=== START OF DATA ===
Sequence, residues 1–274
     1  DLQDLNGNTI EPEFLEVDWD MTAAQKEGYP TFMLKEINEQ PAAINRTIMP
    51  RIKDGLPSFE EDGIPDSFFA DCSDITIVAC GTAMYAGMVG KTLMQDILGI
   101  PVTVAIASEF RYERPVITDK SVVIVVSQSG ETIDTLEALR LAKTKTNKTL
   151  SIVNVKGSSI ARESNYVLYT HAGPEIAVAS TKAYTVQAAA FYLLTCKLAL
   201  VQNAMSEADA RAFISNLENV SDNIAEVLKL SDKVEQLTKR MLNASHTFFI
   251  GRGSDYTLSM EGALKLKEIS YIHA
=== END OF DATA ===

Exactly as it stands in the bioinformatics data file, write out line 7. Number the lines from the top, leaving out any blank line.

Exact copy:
   251  GRGSDYTLSM EGALKLKEIS YIHA